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COLUMBUS Patton targets tobacco products



Published: Thu, May 3, 2001 @ 12:00 a.m.



One bill triples the fine for those selling cigarettes to minors.

By DAVID SKOLNICK

VINDICATOR POLITICS WRITER

YOUNGSTOWN -- State Rep. Sylvester Patton wants to make it more difficult for minors to purchase tobacco products and make it easier for motorcycle enthusiasts to gain access to public places.

Patton of Youngstown, D-64th, has introduced a bill that prohibits the denial of access to public places to people solely because they ride motorcycles or wear clothing that has the name of motorcycle-related organizations.

The other bill increases the fine for the illegal sale of cigarettes to minors from a self-service display at stores.

Patton introduced the tobacco bill after being lobbied by students of Youngstown's Volney Rogers Junior High School, who were concerned about stores that sell tobacco products to minors.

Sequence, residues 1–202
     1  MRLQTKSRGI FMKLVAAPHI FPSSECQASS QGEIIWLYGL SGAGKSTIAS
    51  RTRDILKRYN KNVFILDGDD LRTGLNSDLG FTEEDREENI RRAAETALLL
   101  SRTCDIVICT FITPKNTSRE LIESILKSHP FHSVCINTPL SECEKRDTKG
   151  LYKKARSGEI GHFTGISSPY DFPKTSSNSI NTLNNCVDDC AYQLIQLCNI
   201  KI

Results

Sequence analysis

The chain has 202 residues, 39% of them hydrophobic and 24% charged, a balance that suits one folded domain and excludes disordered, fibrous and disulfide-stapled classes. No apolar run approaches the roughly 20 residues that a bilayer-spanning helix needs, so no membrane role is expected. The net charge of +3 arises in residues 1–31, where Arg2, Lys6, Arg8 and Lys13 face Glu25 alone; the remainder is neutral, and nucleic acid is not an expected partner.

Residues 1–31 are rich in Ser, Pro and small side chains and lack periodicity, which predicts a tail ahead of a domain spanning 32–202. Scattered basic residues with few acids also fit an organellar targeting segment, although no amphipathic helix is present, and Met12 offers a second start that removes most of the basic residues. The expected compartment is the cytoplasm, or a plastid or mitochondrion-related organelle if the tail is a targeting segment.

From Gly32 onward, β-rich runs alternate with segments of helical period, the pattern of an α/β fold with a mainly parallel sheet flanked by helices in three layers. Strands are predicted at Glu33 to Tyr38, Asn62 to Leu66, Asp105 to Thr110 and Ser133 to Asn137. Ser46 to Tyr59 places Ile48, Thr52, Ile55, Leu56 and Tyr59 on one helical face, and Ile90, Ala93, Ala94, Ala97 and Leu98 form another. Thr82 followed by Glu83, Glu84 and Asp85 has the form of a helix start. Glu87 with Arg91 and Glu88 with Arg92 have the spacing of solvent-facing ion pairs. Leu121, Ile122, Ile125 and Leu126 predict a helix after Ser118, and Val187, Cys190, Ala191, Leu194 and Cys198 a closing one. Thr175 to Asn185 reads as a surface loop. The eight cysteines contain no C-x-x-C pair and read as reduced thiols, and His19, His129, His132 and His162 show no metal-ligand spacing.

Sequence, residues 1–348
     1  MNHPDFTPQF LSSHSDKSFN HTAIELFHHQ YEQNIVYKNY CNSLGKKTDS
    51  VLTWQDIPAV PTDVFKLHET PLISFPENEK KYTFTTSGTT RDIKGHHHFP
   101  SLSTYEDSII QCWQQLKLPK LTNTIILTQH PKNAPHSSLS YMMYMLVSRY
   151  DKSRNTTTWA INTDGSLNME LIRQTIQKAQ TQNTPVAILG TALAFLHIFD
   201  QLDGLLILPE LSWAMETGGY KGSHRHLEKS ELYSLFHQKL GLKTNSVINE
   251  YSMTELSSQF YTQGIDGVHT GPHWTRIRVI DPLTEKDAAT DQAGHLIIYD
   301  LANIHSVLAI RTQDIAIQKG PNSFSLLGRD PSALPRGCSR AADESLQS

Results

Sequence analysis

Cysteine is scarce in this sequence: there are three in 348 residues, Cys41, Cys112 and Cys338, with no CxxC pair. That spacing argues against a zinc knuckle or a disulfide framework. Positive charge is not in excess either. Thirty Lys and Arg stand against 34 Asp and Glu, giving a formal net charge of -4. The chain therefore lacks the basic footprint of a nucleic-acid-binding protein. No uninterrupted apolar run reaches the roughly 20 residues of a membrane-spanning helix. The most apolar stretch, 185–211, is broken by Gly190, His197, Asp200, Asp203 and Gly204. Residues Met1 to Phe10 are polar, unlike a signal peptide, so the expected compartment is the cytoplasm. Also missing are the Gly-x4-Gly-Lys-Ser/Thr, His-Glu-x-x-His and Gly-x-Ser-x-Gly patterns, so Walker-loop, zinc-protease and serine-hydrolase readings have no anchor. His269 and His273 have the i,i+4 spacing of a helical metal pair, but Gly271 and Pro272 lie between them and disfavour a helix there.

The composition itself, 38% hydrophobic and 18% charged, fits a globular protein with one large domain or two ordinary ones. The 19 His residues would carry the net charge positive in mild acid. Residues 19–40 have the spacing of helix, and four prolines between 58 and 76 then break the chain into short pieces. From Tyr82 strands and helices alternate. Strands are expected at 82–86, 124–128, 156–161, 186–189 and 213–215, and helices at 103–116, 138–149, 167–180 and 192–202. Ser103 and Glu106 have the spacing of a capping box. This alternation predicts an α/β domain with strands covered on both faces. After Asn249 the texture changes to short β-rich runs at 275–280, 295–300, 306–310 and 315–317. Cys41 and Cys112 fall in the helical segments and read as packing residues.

The bill, which will be considered by the House's Criminal Justice Committee, only affects stores that sell cigarettes from self-service displays and not those that require patrons to ask clerks for cigarettes that are behind a counter or to buy them out of vending machines, Patton said.

Those found guilty of selling cigarettes from self-service displays to minors face fines up to $250 for each conviction.

Under Patton's proposal, a first-time conviction carries a maximum fine of $750 with subsequent convictions carrying fines up to $1,000 each.

"It's a big deal to sell cigarettes to minors," Patton said. "Perhaps $250 seems strong, but people will really take notice with a $750 fine the first time."

About motorcycle bill: Patton says he was asked to sponsor the motorcycle bill by state Rep. Rex. A. Damschroder of Fremont, R-89th, chairman of the House's Transportation and Public Safety Committee.

Damschroder, a motorcycle rider, is the bill's primary co-sponsor.

"I believe in four wheels under me," Patton said. "But motorcycle riders spoke to me and said they are not able to get into restaurants, motels or hotels because they are riding together.

"I'm not talking about Hell's Angels. I'm talking about lawyers, teachers, bankers, news reporters who like to ride motorcycles."

The bill, which will go to the Transportation Committee for hearings, would permit motorcycle riders who are refused admittance to businesses to seek civil action.

The bill allows businesses to deny admittance to people who are in criminal gangs or who wear obscene clothing or the name or symbol of a criminal gang.




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